Surgical patients who died after developing serious complications that could have been treated. There's always a risk of serious complication during or after surgery. However, hospitals with trained, well organized, and efficient staff identify these complications quickly and treat them aggressively. Some deaths may be unavoidable. But higher death rates from complications may be a sign that patients weren't watched closely after surgery or that effective action wasn't taken.

PSI-6. Collapsed lung due to medical treatment

During certain medical procedures, there's a chance that the patient's lung will be accidentally punctured. This can cause air to escape and the lung to collapse. Usually, this complication is rare, and sometimes, it's unavoidable. However, if a hospital has a higher rate of this complication, it may be a sign that the hospital is giving poor quality care in this area.

PSI-7. Infections from a large venous catheter
PSI-8. Broken hip from a fall after surgery
PSI-9. Postoperative Hemorrhage or Hematoma Rate
PSI-10. Postoperative Acute Kidney Injury Rate
PSI-11. Postoperative Respiratory Failure Rate

Patients who were unable to breathe after surgery without the help of a ventilator (a machine that helps someone breathe). If patients have breathing problems after surgery, doctors usually order special treatment (respiratory therapy) to make sure they get enough oxygen into their bloodstream. Even so, some patients may not be able breathe on their own, especially if they were very frail or sick to begin with. However, if a hospital has a higher rate of breathing failure among its surgical patients, it may be a sign that it isn’t providing high-quality and effective care.

PSI-12. Serious blood clots after surgery

When patients stay still for a long time after some types of surgery, they're more likely to develop a serious blood clot in the veins of the legs, thighs, or pelvis. This is especially true for patients who are very frail or sick. A blood clot can also break off and travel to other parts of the body. If a blood clot gets into a patient's lung, it’s a serious problem that can cause death. Some patients may get blood clots even though doctors order treatments to prevent them. However, if a hospital has a higher rate of serious blood clots after surgery, it may be a sign that doctors and nurses aren’t doing enough to prevent them.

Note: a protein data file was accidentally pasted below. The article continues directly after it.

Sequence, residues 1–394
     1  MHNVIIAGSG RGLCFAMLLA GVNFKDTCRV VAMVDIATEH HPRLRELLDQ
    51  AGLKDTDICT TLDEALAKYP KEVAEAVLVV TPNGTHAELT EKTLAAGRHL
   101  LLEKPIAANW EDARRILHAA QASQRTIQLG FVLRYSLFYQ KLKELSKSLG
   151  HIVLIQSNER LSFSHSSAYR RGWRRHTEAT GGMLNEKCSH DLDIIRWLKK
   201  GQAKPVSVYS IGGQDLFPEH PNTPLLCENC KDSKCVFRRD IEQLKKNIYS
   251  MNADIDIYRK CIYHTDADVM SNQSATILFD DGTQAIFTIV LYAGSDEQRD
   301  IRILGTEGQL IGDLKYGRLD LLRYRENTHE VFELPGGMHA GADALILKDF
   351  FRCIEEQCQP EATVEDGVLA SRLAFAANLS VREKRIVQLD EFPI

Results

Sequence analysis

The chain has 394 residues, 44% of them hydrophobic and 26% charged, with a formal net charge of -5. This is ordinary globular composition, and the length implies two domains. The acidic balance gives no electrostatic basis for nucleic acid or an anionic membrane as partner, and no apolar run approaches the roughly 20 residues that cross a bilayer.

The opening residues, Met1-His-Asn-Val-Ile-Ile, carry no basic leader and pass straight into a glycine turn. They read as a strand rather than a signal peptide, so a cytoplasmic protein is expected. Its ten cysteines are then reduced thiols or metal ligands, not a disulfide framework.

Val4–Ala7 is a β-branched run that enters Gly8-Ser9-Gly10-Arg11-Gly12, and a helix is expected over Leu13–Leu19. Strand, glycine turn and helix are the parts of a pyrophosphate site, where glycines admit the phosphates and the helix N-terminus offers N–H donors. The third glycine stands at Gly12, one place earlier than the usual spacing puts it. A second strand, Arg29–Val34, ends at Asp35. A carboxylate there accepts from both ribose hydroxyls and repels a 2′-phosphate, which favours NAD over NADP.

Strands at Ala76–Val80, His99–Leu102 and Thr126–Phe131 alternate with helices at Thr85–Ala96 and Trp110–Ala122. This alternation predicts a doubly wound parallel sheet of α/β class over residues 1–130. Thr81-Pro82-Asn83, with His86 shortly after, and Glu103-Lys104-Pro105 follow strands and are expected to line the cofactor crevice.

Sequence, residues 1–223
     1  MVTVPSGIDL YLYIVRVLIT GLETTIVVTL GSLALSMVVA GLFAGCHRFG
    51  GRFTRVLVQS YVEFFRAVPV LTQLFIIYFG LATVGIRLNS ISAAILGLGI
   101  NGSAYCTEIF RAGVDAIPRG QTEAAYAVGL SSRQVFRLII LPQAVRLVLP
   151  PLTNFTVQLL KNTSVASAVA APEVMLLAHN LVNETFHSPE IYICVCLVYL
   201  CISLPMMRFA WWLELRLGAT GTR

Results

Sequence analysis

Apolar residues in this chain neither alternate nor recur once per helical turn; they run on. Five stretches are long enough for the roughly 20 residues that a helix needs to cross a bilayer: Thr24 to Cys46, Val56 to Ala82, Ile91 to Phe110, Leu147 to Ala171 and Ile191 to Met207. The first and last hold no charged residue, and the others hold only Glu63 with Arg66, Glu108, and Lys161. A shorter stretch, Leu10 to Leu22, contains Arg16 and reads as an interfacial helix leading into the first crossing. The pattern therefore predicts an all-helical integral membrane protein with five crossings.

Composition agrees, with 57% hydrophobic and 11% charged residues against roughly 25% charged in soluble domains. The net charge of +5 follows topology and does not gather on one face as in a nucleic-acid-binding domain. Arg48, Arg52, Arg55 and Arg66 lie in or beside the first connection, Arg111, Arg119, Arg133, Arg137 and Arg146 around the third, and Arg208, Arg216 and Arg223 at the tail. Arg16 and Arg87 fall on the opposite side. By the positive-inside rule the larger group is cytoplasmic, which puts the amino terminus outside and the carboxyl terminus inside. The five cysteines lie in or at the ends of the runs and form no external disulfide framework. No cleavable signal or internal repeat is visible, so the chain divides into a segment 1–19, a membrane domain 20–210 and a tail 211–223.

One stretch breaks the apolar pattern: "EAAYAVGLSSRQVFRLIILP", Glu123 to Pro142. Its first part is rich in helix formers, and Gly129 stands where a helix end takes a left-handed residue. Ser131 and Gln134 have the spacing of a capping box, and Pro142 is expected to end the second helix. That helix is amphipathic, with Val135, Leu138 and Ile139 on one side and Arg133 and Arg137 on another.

PSI-13. Blood stream infection after surgery
PSI-14. A wound that splits open after surgery

Surgical wounds may split open after surgery, even when the surgeon sewed the wound up correctly. This may happen when wounds aren't healing well, or because of problems like severe coughing or vomiting. If a hospital has a higher rate of this complication, it may be a sign that doctors and nurses aren’t paying close enough attention to their patients or providing proper care.

PSI-15. Accidental cuts and tears from medical treatment

During some complicated medical procedures, there’s a chance that a part of the patient’s body will be accidentally cut. Sometimes, it may be unavoidable. But if a hospital has a higher rate of this complication, it may be a sign that the medical staff aren’t using proper techniques when performing these procedures.

PSI-90. Serious Complications

(A composite of eight measures)

Higher rates of serious, but potentially preventable, complications may be a sign of poorer quality hospital care. Hospitals can reduce the chance of these serious complications by following safe practices.